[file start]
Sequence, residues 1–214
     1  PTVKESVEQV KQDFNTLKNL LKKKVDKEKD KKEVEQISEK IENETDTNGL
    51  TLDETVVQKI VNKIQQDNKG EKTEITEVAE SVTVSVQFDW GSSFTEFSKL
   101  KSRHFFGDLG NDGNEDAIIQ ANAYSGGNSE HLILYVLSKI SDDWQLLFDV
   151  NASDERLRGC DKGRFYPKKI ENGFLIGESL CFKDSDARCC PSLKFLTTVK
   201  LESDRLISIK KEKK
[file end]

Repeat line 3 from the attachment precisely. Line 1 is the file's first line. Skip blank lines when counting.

    51  TLDETVVQKI VNKIQQDNKG EKTEITEVAE SVTVSVQFDW GSSFTEFSKL